Will the new U.S. Defense Secretary be good for Israel?

Former Boeing executive Deputy Defense Secretary Patrick Shanahan to assume role January 1st.

U.S. President Donald Trump, flanked by Deputy Secretary of Defense Patrick Shanahan, holds a cabinet meeting at the White House in Washington. (photo credit: REUTERS/JONATHAN ERNST)
U.S. President Donald Trump, flanked by Deputy Secretary of Defense Patrick Shanahan, holds a cabinet meeting at the White House in Washington.
This week Deputy Defense Secretary Patrick Shanahan will take over as acting US secretary of defense, and for Israel, which is fighting Iranian entrenchment in a country where the US is withdrawing troops, it is imperative to have a man who knows the region as a top defense official.
Shanahan came to the Pentagon in July 2017 after a long career at Boeing. There, he worked mostly on the aerospace company’s commercial side, meaning that he had little, if any, interaction with the IDF or the Defense Ministry. Boeing executives in Israel were not familiar with him, and the one Israeli he has met in his current post is Defense Ministry Director General Udi Adam, when the latter visited the Pentagon a year ago.
The content of the meeting has not been made public, but came around the time that a canceled test of Israel’s Arrow missile defense system was supposed to have taken place in Alaska.
For tech-hungry Israel, a Boeing executive with over three decades of experience in commercial airliner programs, as well as president and general manager of Boeing Missile Defense Systems and of Boeing Rotorcraft Systems, could be an advantage.
On the other hand, though and unlike his predecessor Gen. James Mattis, Shanahan has no military background and little foreign policy experience, which for the Middle East, might be a game-changer.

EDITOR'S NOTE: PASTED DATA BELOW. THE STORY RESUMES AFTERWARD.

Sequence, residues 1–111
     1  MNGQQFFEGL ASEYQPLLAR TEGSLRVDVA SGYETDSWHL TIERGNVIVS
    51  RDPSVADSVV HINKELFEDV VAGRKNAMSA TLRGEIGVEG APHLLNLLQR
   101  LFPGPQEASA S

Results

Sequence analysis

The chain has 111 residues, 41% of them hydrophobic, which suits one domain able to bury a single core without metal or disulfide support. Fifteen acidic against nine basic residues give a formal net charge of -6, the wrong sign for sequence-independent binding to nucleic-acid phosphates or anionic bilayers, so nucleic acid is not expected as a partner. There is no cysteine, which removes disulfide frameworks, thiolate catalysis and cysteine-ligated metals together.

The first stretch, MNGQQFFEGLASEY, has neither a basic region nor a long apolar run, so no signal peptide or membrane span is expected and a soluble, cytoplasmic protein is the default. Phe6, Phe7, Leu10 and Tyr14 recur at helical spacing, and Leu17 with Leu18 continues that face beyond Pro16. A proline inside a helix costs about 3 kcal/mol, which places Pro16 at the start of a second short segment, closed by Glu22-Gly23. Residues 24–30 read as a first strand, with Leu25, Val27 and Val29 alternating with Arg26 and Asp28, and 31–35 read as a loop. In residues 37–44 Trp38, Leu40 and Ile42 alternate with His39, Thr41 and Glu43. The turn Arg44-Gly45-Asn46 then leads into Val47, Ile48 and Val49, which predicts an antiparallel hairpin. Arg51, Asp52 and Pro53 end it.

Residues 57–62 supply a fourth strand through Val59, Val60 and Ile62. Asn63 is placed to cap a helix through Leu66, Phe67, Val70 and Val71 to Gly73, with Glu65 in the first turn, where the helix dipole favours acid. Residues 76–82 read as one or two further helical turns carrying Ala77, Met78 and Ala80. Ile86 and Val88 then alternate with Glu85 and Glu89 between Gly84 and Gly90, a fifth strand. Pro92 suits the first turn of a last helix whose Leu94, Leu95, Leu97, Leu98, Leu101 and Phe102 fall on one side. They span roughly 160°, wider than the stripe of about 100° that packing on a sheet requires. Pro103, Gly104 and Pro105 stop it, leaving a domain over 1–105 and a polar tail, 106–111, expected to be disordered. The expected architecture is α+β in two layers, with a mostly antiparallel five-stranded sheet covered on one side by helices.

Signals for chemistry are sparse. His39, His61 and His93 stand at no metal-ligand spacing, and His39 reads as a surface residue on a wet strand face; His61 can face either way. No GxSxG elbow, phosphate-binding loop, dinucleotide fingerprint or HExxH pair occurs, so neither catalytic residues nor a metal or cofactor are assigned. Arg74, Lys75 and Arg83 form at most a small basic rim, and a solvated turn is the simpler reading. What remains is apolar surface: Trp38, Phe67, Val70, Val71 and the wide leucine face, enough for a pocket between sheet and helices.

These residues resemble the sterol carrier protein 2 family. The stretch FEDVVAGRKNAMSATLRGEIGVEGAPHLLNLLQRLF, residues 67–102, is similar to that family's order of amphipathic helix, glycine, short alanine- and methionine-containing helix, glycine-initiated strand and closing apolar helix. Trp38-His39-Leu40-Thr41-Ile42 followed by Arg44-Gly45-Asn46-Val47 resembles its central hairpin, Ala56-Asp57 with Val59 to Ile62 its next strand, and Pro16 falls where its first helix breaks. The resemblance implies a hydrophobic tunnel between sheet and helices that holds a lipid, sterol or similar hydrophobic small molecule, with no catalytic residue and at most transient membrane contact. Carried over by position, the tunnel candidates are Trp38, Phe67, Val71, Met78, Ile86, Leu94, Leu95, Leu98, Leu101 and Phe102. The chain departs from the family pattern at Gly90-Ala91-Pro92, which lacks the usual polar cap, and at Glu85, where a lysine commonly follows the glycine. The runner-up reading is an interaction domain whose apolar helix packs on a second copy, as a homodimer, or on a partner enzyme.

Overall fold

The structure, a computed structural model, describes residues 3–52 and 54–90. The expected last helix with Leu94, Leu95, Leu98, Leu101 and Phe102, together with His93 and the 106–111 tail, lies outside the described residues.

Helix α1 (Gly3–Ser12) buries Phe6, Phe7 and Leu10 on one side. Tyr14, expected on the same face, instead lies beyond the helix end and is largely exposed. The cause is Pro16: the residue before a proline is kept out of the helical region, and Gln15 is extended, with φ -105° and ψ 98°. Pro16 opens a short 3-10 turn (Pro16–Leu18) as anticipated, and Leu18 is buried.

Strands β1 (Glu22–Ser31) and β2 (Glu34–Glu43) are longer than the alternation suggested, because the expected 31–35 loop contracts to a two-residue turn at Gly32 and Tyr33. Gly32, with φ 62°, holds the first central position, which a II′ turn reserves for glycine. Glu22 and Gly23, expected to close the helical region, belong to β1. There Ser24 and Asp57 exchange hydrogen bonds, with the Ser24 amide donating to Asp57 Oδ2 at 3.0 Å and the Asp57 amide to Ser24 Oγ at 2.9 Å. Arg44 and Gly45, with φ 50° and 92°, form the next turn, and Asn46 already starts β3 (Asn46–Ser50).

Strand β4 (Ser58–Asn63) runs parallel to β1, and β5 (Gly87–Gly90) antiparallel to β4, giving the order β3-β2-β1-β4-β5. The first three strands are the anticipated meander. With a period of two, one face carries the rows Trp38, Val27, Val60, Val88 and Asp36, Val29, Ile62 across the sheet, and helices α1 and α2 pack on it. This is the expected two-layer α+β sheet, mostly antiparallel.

During his 2017 Senate confirmation hearing, Shanahan said that technology, not strategy, was his strongpoint, The Daily Beast reported.
“I believe my skill set strongly complements that of Secretary Mattis,” he was quoted as saying. “He is a master strategist with deep military and foreign policy experience. As Deputy Secretary of Defense and Secretary Mattis’ chief operating officer, I bring strong execution skills with background in technology development and business management.”
Mattis, on the other hand, enlisted in the military in 1969 and is a Marine veteran of the Persian Gulf War where he served as a lieutenant colonel in the war in Afghanistan. Promoted to brigadier general and then four-star general, he played a key role in the 2003 Iraq War, during the battle for Fallujah. He finished his military career as the head of Central Command, which directs US military operations across the Middle East and Central Asia.
After resigning following Trump’s decision to withdraw troops from Syria, Mattis said he would stay on the job until the end of February in order to ensure a smooth transition.
But, according to multiple reports, Mattis and Trump had a contentious relationship and Mattis will stay on until January 1 when Shanahan – who has a strong relationship with the president and Vice President Mike Pence – will take over.
“I am pleased to announce that our very talented Deputy Secretary of Defense, Patrick Shanahan, will assume the title of Acting Secretary of Defense starting January 1, 2019,” Trump tweeted last Sunday. “Patrick has a long list of accomplishments while serving as Deputy, previously Boeing. He will be great!”
If approved by the Senate, Shanahan will be in charge of Trump’s decision to withdraw some 2,000 US forces from Syria, and cut half of the 14,000 troops in Afghanistan.
Experts have warned that the withdrawal of troops from the region could put Israel at risk. One unnamed senior diplomatic official quoted by Channel 10 said, “Trump threw us under the wheels of the semi-truck of the Russian army, the one that transfers weapons to Syria and Hezbollah.”
IDF Chief of Staff Lt.-Gen. Gadi Eisenkot has also admitted that while it would not affect the IDF’s ability to act against Iran and Hezbollah, the US withdrawal is a “significant” move.
“For decades, we have dealt with this front alone. That’s also how it has been over the past four years, during the American and Russian presence [in Syria]. We have been acting in support of Israel’s security interests,” he said last week.
Shanahan will have to contend with the threat, and smooth over the concerns of many allies in the region, especially Israel.